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About Ashok

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    Senior Member

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  • Biography
    Engineer specializing in Low carbon design
  • Location
    New York City
  • Interests
    Low carbon design, net-zero energy
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  • Type of dwelling
    Condominium appartement / condominium apartment

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  1. This is not the first time Concordia University is renovating/building for temporary use. The Grey Nun was also designed to be a temporary as a residence until the Department of Art and Science takes over; in this case, I wonder why they don't try to add the structural components to meet zoning allowance for a building which gives them flexibility to design their space. The design itself is great though.
  2. That is super interesting - so many questions about the A/C unit on the balcony. PTAC or A/C unit usually are a nightmare from an energy perspective; too many holes that cause breaks in insulation levels and air leakage. I wonder if dumping all that heat onto the glass will cause issues afterwards.
  3. Interesting initiative. I am very curious as to how they plan to capture carbon during the operational phase. They mention embodied carbon but nothing about operation carbon emission. Operational carbon emission would account for about 80% of your total embodied carbon. Also, we already have excellent examples of low carbon buildings. And standards – such as Passive House – which is a proven cost-effective way to drastically reduce carbon emission of buildings. I wonder if the building might be Passive House Certified. I did calculate carbon emissions for similar size building built to current code as well as building to Passive House Standard – and Passive House Standards put carbon emission at levels which the Intergovernmental Panel on Climate Change recommends. Anyway, Would look forward to hearing more about this project.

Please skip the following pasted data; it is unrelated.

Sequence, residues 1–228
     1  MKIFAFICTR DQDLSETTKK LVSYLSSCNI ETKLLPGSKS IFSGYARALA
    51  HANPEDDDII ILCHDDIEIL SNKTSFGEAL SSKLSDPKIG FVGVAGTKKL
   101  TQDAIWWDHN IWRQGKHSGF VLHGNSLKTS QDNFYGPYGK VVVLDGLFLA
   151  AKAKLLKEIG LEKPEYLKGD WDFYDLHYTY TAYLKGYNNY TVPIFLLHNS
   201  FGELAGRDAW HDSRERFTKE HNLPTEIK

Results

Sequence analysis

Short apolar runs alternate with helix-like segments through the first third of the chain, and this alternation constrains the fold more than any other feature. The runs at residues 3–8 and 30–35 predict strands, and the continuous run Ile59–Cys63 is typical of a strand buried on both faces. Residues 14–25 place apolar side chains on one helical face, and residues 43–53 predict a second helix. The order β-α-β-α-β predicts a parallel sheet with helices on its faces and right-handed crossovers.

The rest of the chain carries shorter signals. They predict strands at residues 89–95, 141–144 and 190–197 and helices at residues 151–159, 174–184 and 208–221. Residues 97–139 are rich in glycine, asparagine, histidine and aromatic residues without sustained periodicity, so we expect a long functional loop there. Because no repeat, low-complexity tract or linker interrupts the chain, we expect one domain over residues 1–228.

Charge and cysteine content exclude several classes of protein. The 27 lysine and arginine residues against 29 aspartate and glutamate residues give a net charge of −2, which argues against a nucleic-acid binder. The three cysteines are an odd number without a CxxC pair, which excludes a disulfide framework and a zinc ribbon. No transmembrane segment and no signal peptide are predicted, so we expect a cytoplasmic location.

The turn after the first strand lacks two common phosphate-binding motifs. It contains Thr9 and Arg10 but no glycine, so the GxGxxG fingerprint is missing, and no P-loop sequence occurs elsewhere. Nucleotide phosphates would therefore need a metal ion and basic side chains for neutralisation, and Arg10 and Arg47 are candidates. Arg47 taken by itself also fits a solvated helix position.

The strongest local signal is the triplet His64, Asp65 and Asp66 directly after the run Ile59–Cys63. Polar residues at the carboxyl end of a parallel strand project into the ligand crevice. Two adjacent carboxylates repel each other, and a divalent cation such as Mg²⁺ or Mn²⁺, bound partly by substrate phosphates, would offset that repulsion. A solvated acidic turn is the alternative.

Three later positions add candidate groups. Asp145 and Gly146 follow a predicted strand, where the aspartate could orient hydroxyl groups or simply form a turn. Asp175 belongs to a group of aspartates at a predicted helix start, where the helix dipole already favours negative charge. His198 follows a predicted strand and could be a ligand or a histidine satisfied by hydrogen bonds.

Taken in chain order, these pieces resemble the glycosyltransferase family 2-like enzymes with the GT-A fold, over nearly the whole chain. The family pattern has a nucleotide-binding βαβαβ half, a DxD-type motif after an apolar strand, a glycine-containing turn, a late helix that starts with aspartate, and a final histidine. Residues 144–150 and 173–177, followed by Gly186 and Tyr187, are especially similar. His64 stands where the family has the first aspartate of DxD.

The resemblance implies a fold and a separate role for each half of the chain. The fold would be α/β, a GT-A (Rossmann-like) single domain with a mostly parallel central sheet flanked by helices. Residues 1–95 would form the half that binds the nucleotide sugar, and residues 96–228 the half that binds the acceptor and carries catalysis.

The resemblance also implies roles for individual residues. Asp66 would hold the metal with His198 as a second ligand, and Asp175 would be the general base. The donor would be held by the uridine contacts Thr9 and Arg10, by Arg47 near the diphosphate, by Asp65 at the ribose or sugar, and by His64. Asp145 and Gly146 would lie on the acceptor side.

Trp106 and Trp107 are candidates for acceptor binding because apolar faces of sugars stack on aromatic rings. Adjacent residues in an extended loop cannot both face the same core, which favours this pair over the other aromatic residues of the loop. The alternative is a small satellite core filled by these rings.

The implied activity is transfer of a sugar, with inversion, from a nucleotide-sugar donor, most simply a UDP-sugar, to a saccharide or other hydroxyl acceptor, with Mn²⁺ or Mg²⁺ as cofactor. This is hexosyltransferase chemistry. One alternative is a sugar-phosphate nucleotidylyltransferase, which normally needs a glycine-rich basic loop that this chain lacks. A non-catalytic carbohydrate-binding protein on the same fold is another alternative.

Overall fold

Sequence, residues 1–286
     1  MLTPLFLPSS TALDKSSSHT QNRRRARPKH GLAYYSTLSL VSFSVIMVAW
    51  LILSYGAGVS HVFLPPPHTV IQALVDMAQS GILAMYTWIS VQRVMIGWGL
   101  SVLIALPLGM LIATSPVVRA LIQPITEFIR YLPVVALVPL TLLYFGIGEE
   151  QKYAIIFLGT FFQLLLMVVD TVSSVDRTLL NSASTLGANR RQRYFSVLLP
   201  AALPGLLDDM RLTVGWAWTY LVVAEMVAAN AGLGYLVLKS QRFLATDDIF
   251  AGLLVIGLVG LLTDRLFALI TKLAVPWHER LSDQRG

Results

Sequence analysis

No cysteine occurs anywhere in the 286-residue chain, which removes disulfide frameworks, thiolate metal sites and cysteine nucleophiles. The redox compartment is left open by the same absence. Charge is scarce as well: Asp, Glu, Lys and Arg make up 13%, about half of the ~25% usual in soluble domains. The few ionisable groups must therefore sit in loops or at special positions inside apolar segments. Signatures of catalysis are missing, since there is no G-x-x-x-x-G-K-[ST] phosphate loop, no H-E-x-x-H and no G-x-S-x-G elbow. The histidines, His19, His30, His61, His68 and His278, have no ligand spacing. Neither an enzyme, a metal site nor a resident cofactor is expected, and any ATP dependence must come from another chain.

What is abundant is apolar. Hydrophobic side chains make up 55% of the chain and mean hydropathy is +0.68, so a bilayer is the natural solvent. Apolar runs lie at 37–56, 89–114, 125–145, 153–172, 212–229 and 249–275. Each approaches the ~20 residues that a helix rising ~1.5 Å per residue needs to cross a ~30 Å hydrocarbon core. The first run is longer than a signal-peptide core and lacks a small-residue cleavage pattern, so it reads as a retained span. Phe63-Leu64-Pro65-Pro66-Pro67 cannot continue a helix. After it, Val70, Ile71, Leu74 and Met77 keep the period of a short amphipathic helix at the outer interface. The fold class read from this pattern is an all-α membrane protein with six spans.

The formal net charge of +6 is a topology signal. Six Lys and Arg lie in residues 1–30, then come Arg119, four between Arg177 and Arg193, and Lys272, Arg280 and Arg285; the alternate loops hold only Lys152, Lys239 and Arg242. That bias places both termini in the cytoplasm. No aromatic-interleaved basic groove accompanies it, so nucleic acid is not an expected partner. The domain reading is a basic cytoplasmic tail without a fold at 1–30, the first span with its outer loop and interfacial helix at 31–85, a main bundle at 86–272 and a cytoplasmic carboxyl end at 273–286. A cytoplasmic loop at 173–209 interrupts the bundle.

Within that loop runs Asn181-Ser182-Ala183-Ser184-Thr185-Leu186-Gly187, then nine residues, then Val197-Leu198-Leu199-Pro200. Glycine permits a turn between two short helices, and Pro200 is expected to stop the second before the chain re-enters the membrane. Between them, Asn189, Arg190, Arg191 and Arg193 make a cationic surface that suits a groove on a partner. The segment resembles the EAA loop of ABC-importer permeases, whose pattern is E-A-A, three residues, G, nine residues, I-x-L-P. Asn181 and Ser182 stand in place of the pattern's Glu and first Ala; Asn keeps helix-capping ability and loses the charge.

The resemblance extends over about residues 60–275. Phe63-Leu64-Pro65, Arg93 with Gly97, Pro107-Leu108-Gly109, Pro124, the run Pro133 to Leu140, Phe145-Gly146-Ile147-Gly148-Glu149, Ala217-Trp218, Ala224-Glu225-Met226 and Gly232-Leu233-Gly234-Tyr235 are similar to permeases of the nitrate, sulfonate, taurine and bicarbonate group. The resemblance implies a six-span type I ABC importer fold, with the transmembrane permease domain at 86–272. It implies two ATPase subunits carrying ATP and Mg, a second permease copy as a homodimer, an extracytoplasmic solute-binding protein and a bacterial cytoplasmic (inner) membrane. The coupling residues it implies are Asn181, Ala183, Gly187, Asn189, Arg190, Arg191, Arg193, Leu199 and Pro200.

4. CBC had a great article on retrofitting existing large buildings in Canada to reduce carbon: New York City also adopted this month a really ambitious law that introduces carbon caps for large buildings with steep fine for owners who do not meet. (Basically what CBC article is outlining.) 1st compliance date 2024. In short, about 50 000 large buildings (25 000 SF and above) will have to do major retrofit in the next 5 years to come into compliance. This law will put NYC on target to reduce 80% green house gas emission by 2050. I wrote an article on it and also calculated carbon emission of existing and new buildings built to code if anyone is interested: What people are finally starting realize is that as climate change becomes more of an urgency, our existing buildings becomes central to reducing our carbon footprint. In NYC for instance, a transit centered city, existing building accounts for 70% of all GHG emissions - this will be true of Montreal.